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Canada’s Scientific Research and Experimental Development Tax Credit

One of the challenges many companies face is losing opportunities because they don’t have the funds to develop new technologies, thereby risking becoming obsolete in an increasingly competitive business environment.
Amendments to Canada’s scientific research and experimental development (SR&ED) tax credit—the most generous in North America—aim to change that direction. The new rules mean more established and growth-staged companies can pursue ongoing scientific research and experimental development (SR&ED) by reducing costs by up to 64 per cent, when overheads are included. Companies already investing in SR&ED now have the freedom to tackle innovation challenges or invest in technology opportunities in a deep and sustained way they might not otherwise be able to afford or develop locally.

Opening the innovation ecosystem

Since 2019, all private Canadian controlled companies with taxable capital not exceeding $50 million have been able to submit a claim for a 35 per cent base rate if they’ve invested in SR&ED. Prior to 2019, the 35 per cent base rate was limited to companies earning less than $800,000 in taxable income. All other qualified companies receive a 15 per cent tax credit.

This means Canada can continue to develop and grow its innovation ecosystems and not penalize companies that have moved into a profitable position. Removing the $800,000 limit is expected to spur R&D spends in industries including technology, agriculture, cannabis, life science, engineering, and manufacturing.

Payback from a successful SR&ED claim

  • The benefits of the SR&ED tax credit extend beyond a tax break:
  • Companies no longer have to budget 100 per cent of their costs based on available capital.
  • The credit can significantly discount Canadian R&D costs in the form of wages, materials, and subcontractor costs.
  • The extra capital allows companies to afford more senior or experienced engineers.
  • More funds can increase development or engineering teams, helping finish projects quicker or increase the level of investment in the company’s technology or IP.
  •  Companies are encouraged to maintain engineering or development levels and take on more technically challenging projects or ideas as the government is willing to support eligible projects.

How to apply – successfully

The SR&ED application form is complex, which is why it’s a good idea to consult with an experienced advisory team which can help ensure you’re not overlooking any elements of the claim. Advisors who understand your sector can help you define the role of R&D in your company, pinpoint exactly what is eligible, and improve the quality of your submission. In short, they can help you streamline the process.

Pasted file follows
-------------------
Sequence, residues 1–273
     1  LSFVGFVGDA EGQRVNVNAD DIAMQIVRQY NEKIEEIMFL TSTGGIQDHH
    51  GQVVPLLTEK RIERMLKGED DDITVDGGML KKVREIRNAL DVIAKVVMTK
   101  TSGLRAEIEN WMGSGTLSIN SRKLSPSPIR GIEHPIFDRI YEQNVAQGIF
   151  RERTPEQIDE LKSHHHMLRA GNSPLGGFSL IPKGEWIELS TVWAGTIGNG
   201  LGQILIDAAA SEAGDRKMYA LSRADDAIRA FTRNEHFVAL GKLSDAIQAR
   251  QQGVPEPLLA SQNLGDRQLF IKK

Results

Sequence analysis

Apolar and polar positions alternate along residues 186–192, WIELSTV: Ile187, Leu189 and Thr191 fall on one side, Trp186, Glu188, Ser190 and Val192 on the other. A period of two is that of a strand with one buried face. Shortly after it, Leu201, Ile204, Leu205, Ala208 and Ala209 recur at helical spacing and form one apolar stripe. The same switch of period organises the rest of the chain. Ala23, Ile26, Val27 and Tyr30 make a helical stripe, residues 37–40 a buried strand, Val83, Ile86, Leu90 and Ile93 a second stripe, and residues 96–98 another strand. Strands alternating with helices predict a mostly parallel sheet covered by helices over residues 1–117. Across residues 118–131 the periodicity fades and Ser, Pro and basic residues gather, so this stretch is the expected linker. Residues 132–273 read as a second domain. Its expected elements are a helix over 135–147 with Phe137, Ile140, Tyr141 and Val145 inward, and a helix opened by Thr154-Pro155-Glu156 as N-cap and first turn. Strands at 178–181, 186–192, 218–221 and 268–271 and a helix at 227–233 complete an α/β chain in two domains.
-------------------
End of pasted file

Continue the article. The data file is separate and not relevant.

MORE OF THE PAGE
As an added bonus, relying on professionals to handle the complicated aspects of an application process or policies means you don’t have to give that arduous task to your developers or engineers. Instead, they can focus on what they do best: driving growth and innovation.

Document your projects

Just like you save receipts for tax season, you must document your projects so you have the necessary details on hand in a review scenario. Broadly, these documents will help you showcase what you have done and spent in your R&D developments. When you’re kicking off a new R&D project, make sure you’re capturing the who, what, when, why, and how.

Track your costs

The devil is in the details: it’s critical to document all of your company’s R&D costs. This is something you probably already do through online platforms or internal software, but it’s always beneficial to reach out to an advisor for guidance on whether you’re tracking the right details. As long as you’re following best practices in documenting costs to run your business, adjusting your processes to be compliant with a review from the CRA can be made simple with an experienced advisor at your side.

Include all government support

Currently, many companies have significant government assistance to cover wages that must be included in SR&ED applications, such as the Canada Emergency Wage Subsidy (CEWS) and Industrial Research Assistance Program (IRAP). Claimants must deduct the amounts from their SR&ED expenditures as government assistance.

Recently, the Canada Revenue Agency (CRA) revised technical requirements to make the application process more easily understood. This will help your advisor work with you to make sure the technical work lines up with CRA’s expectations.

On paper, this might sound like a deceptively easy process, but that isn’t always the case. It’s important to be prepared to defend the claim and have the right information on hand to ensure the application meets the science eligibility criteria and is supportable when subject to a review.

Jason Boblinski, MNP.

Helping you make things happen

The SR&ED tax credit is one of the best programs in the world to lower a company’s financial burden when developing new technology, taking on bolder projects, reducing financial risk and staying competitive. Whether it’s agriculture, cannabis, life sciences, information technology, engineering, or manufacturing, all industry sectors can take advantage of the cost-saving program if they are attempting to advance or develop a technology.
On a broader scale, this spells growth potential for Canada’s local industries—a shift that will also inspire further growth and development in these sectors through the expansion of the ecosystems’ talent pools.

Jason Boblinski is a Senior Manager, SR&ED Technical, with national accounting firm MNP, working with clients across the prairies. For more information, contact Jason at 204.336.6188 or jason.boblinski@mnp.ca.

 

 

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